Trellising tomato plants is only required when growing indeterminate types in greenhouses. Although trellising tomato plants it is labour intensive and must be done weekly, the advantages far outweigh disadvantages. Trellising tomato plants has the following advantages:

  • It increases yield per square meter
  • Reduces the risk of disease development
  • Improves ventilation between plants
  • Allows for higher plant densities
  • Allows for easier picking
  • Mature fruit are easier to spot
  • Allows for more effective pesticide and fungicide application

The most common trellising method is the layering system. The plants have a single stem and all side shoots (suckers) are removed. As soon as the plants reach the top of the wire (± 2.4 m high), the trellising twine is detached from the main cable and moved approximately 100-150 mm forward and lowered so that the growth point is 100 mm below the support wire above. In the following days the main growth point is gently helped to wind round the trellising twine. The winding prevents the plant from slipping down. It is important to wind the trellising twine above a flower cluster in case the plant slides down and damages the cluster. The flowers or part of the cluster should never be entangled with the trellising twine. By the time the plant is trellised again in the following week, the main growth point would have grown just past the main trellising wire.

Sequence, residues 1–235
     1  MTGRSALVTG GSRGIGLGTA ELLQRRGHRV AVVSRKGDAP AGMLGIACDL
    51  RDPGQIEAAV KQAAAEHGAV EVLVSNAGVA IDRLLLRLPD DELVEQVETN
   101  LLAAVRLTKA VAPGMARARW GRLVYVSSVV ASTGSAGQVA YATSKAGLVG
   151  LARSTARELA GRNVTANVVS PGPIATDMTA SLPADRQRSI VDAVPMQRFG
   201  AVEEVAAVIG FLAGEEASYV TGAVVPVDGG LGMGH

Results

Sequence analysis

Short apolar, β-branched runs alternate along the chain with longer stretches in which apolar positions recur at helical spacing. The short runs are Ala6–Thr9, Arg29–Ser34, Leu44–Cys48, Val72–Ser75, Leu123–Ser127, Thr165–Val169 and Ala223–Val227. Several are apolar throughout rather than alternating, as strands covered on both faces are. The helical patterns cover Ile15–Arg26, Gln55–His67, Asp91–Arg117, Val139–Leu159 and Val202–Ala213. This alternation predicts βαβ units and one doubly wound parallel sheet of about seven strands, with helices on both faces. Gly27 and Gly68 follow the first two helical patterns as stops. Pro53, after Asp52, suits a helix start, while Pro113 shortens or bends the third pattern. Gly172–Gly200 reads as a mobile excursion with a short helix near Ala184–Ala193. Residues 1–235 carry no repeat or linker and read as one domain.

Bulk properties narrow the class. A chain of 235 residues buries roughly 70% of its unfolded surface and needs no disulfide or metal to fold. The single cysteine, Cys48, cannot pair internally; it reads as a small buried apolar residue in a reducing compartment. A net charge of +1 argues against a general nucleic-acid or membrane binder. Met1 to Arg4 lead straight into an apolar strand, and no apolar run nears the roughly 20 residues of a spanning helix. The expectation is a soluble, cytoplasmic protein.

All tomato plants are layered in the same direction. Tomato plants can grow up to 6 m long in a growing season. It is thus important to layer the plants right from the beginning and to design the structure that there is enough space inside for the plants.

Trellising tomato plants in a greenhouse

Trellising tomato plants is only done in greenhouses or when the tomato crop is grown under a structure where a trellis wire can be installed. As the plants grow, the growth point is moved along the wire while the growth bag with root system stays put.